Supporting cells of the peripheral nervous system responsible for the formation of myelin. (Help regenerate a nerve)
Cervical plexus: Nerve root numbers, and what they innervate
a) C2- Sternocleidomastoid
b) C3-C4, Branches to trapezius, levator scapulae, middle scalene
c) C4 branch to the anterior scalene
d) Phrenic nerve (C3-C5)- Comes from the cervical plexus and is the sole motor supply for the diaphragm
Brachial plexus: Nerve root numbers contained, and what course it follows
a) Runs from the neck to the axilla passing between the clavicle and the first rib
b) The cords form the nerves to the arm, median, ulnar, radial, and musculocutaneous nerve
Lumbosacral plexus nerve root numbers
Innervates the legs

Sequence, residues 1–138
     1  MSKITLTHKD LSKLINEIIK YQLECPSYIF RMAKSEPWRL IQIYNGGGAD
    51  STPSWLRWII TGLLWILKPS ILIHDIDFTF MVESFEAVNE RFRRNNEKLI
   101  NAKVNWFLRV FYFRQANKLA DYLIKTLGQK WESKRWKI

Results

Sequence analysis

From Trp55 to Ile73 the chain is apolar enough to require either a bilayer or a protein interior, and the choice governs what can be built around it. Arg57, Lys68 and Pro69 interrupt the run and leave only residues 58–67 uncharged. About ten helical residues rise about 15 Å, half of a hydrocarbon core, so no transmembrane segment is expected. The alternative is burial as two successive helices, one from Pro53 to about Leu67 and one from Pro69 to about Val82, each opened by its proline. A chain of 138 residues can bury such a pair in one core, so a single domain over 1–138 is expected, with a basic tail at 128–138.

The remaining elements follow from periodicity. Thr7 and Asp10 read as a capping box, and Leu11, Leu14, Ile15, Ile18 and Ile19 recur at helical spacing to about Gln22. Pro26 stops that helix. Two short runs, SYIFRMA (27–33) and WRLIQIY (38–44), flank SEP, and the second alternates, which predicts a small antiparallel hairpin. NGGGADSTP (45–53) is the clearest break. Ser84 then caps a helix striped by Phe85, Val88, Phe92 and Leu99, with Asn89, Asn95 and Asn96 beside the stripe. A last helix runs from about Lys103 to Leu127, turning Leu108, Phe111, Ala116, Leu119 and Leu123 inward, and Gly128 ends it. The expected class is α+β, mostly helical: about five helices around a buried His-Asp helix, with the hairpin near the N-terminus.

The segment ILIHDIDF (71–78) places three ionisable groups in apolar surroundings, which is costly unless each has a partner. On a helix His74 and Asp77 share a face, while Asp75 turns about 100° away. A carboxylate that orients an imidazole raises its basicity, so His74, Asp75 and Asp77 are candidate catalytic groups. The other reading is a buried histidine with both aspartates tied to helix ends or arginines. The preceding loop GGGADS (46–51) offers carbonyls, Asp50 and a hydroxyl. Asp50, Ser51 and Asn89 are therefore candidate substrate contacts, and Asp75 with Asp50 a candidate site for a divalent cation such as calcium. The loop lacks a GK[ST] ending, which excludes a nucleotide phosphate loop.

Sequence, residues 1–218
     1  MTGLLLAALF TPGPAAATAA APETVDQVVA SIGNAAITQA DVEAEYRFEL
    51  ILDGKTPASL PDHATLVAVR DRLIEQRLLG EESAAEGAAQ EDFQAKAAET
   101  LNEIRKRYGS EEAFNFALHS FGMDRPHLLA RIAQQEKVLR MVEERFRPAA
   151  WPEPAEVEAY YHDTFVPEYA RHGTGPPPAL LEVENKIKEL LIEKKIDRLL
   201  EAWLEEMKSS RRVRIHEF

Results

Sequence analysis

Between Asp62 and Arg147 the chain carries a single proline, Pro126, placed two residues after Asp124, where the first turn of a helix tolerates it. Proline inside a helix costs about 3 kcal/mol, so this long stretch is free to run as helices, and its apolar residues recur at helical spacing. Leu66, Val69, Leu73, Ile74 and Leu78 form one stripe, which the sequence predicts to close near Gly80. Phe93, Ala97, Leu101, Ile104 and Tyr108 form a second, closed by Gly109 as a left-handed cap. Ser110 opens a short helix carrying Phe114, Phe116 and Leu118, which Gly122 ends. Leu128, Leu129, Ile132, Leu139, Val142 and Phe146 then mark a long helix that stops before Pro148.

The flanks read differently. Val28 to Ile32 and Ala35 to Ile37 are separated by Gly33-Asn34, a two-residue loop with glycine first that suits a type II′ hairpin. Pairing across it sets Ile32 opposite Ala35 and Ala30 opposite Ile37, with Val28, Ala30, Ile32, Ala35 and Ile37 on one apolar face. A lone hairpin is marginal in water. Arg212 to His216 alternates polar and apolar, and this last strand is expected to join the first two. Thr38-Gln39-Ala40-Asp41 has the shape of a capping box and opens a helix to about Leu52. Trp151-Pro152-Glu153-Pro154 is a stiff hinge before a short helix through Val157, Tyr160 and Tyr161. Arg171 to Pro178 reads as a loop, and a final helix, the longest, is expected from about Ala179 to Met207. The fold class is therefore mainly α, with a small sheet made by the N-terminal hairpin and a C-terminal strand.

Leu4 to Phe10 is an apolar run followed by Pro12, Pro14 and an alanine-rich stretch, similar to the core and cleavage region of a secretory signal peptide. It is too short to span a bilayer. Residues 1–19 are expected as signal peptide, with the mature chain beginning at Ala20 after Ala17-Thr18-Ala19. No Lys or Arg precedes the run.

Explain the different clinical signs of Upper and lower motor neuron lesions
Upper: Spasticity, no atrophy or fasicullations, hyperreflexia, and positive for babinski and clonus
Lower: Flaccid, marked atrophy and fasiculations, HYPOreflexia, and no babinski or clonus.
At what level must an injury be to have normal use of the diaphragm?
C-5 Is normal
Diaphragm is weak around C-3 and C-4
If you lose function of the serratus anterior, what nerve must be injured?
The long thoracic nerve, C5-7
Carpal tunnel syndrome: What tests can you use to diagnose this?
Compression of the median nerve as it passes between the ligament and the bones and tendons of the wrist
Thoracic Outlet Syndrome: What tests can you use to diagnose this?
Compression syndrome of upper limb neurovascular bundle at the level of scalene muscles and first rib.
Signs and symptoms: Muscle weakness, cramps in the forearm, pain in the arm and hand, etc.
EAST/Hands up Test
Provocative elevation test
Damage to what nerve causes drop foot?
Common Peroneal nerve
Damage to what nerve causes drop wrist?
Signs and symptoms of median nerve damage?
Aching pain in the forearm exacerbated by repetitive use
If carpal tunnel syndrome is present, paresthesia and dysesthesia are more common.
Signs and symptoms of ulnar nerve damage